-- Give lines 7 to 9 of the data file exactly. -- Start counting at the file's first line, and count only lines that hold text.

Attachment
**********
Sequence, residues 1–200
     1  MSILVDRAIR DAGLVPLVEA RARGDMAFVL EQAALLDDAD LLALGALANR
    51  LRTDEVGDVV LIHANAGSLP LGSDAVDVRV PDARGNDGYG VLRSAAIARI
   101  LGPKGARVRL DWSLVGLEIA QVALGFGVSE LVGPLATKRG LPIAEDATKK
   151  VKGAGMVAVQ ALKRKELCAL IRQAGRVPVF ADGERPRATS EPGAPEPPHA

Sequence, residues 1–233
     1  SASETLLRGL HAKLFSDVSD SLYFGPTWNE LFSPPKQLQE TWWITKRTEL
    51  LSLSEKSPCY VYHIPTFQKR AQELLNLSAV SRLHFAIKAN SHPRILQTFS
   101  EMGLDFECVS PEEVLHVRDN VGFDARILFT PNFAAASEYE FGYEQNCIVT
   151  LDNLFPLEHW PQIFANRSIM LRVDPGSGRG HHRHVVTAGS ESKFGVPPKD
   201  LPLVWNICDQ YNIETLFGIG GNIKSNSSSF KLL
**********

     1  SASETLLRGL HAKLFSDVSD SLYFGPTWNE LFSPPKQLQE TWWITKRTEL
    51  LSLSEKSPCY VYHIPTFQKR AQELLNLSAV SRLHFAIKAN SHPRILQTFS
   101  EMGLDFECVS PEEVLHVRDN VGFDARILFT PNFAAASEYE FGYEQNCIVT